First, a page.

Fireclay Farmhouse Sinks {Durability and Quality}



Well, I said I wasn’t going to talk about my kitchen anymore.


But I’m not really talking about my kitchen, just my kitchen sink!


farmhouse sink


I’ve had many of you ask about the durability and quality of my sink, so I thought I would share with you a few of the things that I found out.  (After I made my purchase.) Smile

I will be honest that I often choose form over function.

Here are the two things I considered when looking for my sink online:

1.  I wanted a pretty farmhouse sink.

2.  I wanted an inexpensive, pretty farmhouse sink.

That’s it.


Here’s what I didn’t know before I started looking for a farmhouse sink:

Farmhouse sinks are NOT cheap!


I about died when I started searching the web for a farmhouse sink!  The prices are steep!

The best deal I found was the farmhouse sink from IKEA.  It was only $313!


I bought it, brought it home, and it didn’t fit in our cabinets.  By like half an inch!  UGH!!

If our dishwasher wasn’t right beside our sink, Cy may have tried to rebuild some cabinets to make it fit.  But he wasn’t able to do it with out some major changes to our lower cabinets, which would have ended up taking a lot of time and more money.  Not  good.

After looking online for hours, it seemed the cheapest farmhouse sinks were $600, and then they go WAY up from there.

I found my farmhouse sink at Signature Hardware.  You can purchase items online or at their store.  We needed our sink quickly, so I picked it up at the store since it was located in Northern Kentucky.


farmhouse sink

I LOVE my farmhouse sink!  It is was the most expensive part of the budget for our kitchen makeover, but it was worth it.

Since buying our sink, I’ve done a little research online to find out more about fireclay sinks.

I wanted to share with you what I found out.


First of all,  What is Fireclay?

Widely used in London, England, for their durability and style in the late 1800s, fireclay sinks finally have made a design comeback. Fireclay sinks are forged at extremely high temperatures, which cause the clay and glaze to unite. The result is a sink that is not only extremely durable, but also will look shiny and new for many years to come.   (source)

farmhouse sink


How durable is fireclay?

The modern fireclay apron sinks are commonly covered with a thick layer or glaze which is irrefutably acid, alkali, chip, scratches and impact resistant.  (source)


I love the look of fireclay farmhouse sinks because they are classic, elegant, and a great focal point for you kitchen.

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Fireclay sinks do not rust, discolor, or fade.  Yay!!


farmhouse sink

(source for the two pictures above)





How is Fireclay different from Cast Iron?


(cast iron sink – source)

A cast iron sink is beautiful as well, but here is the difference…

Cast iron is fired at a much less temperature than fireclay, and not as durable. The glaze is softer than the glaze on fireclay. Cast iron also chips easily, and when it does, rust appears under the glaze. Plus customers are specifically asked not to use abrasives or harsh cleaners.   (source)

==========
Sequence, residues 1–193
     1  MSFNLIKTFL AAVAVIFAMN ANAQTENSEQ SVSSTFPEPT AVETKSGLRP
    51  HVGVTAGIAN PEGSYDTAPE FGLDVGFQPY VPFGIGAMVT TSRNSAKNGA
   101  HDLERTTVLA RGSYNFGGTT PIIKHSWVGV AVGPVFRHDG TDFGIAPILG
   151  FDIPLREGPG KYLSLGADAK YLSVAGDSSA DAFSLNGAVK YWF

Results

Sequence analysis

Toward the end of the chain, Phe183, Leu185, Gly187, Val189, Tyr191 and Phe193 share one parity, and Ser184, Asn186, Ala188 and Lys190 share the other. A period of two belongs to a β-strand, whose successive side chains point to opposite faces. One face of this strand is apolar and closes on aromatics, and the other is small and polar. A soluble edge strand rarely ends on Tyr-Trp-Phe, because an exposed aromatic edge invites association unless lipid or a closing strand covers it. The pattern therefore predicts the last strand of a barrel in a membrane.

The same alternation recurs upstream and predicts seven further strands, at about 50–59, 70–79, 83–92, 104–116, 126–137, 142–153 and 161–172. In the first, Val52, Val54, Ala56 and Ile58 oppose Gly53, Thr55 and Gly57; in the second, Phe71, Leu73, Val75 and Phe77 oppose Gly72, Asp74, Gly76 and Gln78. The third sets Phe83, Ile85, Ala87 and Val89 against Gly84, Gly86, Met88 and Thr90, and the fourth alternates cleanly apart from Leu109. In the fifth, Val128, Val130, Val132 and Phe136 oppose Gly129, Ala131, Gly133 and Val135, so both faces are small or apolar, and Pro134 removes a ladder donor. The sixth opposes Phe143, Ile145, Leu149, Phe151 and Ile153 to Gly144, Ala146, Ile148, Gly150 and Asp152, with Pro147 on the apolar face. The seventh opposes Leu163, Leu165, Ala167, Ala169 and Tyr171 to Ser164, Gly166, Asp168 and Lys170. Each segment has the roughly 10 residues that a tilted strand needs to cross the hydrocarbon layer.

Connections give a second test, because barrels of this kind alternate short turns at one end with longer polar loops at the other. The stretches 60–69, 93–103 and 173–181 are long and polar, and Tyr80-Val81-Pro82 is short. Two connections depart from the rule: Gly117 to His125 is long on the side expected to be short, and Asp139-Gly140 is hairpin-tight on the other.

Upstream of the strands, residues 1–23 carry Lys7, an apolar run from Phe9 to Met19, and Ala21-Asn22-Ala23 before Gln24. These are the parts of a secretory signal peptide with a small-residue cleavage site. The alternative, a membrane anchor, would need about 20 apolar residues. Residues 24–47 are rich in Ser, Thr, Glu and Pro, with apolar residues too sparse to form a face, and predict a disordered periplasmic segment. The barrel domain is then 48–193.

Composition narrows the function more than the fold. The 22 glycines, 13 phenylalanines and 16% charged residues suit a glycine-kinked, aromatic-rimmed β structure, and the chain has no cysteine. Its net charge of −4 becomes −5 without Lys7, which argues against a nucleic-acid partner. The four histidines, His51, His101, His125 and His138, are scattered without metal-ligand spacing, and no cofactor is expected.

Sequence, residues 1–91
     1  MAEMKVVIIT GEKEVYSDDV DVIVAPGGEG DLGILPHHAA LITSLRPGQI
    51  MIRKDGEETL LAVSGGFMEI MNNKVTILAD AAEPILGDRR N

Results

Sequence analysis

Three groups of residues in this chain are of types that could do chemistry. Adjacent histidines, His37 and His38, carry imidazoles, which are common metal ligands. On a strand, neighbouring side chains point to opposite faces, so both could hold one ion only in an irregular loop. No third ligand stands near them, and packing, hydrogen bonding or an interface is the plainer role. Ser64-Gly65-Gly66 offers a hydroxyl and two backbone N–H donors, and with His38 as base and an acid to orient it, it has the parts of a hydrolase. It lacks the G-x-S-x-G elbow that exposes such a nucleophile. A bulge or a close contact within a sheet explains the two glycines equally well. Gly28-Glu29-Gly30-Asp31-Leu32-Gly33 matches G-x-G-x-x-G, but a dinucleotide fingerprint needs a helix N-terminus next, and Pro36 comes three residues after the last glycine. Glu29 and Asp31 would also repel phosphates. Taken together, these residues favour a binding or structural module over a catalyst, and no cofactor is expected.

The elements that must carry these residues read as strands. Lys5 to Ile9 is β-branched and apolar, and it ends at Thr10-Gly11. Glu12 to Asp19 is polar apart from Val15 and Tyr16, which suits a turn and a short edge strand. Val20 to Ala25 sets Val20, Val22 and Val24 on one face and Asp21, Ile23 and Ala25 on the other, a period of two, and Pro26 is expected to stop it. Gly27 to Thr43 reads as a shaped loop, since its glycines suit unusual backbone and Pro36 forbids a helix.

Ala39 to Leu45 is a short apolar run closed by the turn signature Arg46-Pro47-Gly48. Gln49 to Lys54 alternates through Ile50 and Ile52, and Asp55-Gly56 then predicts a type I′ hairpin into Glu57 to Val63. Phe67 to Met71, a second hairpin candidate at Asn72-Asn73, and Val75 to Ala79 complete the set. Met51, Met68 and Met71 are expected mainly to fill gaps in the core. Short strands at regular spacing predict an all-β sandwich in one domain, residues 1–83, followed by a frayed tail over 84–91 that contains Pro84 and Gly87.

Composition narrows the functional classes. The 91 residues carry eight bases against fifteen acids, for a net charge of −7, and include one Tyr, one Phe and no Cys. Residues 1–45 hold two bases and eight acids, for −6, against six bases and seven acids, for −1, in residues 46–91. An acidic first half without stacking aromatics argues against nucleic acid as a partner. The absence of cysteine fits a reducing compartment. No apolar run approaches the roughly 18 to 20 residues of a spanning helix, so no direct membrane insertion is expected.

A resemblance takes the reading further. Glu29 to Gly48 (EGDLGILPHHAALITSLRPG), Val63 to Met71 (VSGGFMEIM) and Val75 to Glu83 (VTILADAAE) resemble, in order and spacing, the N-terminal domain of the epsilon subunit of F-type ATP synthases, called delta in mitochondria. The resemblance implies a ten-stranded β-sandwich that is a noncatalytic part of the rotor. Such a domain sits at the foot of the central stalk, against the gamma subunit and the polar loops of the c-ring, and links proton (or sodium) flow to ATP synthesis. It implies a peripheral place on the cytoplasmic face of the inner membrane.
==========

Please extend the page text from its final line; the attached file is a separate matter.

We had a cast iron sink in our last home, and I loved the look.  But I accidentally chipped part of the white glaze off when a pot slip out of my hand.  Sad smile


Cast iron sinks are usually more expensive than fireclay sinks, but some believe they are more durable.  Here is a great link that discusses the pros and cons of fireclay vs. cast iron sinks:

As you can tell by what I found out about fireclay sinks, I am very happy with our purchase!

And after living with this sink for almost two months, I can honestly say that I am VERY pleased with our fireclay farmhouse sink.

It cleans up so easily and truly makes cleaning the kitchen more fun.  I’m not kidding! Smile

So I hope that helps you out if you are looking to buy a farmhouse sink in the near future.

What is your favorite type of sink?

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Budget Breakdown of the Kitchen Makeover




Happy Friday, friends!

I am still trying to answer the many questions about our kitchen makeover.

One of the main questions I keep getting asked is:  “How much did this cost ya?”

Well, we paid approximately $3,300 for our floor to ceiling kitchen renovation.


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That sounds like a lot of money!

But when you remember what it used to look like…

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And compare it to what it looks like now…

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I think it was DEFINITELY worth the money, don’t you?


Let’s be honest.  If we had hired out all of this work, from floor to ceiling, it would have cost us about $11-12,000!

However, we did 100% of the labor ourselves, so this renovation was a third of what it would have cost us otherwise.

That’s pretty darn good.



So here is the (approximate) breakdown of what it cost: 

(click on the pictures to see the post about each project)

375 square feet of Southern Yellow Pine (Lumber Liquidators)

(3/4 inch by 5 inch) – $1.25 sq foot = $465

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Flooring supplies (oil-based stain, semi-gloss polyurethane,

wood conditioner, floor sander rental, sand paper) : $200

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Baseboard and Crown Molding: $175

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Paint for cabinets and walls: $120

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Cabinet hardware (Lowe’s): $50

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Wood plank ceiling (Lowe’s):  $240

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Pantry doors (Lowe’s): $300





Recessed lighting:  $40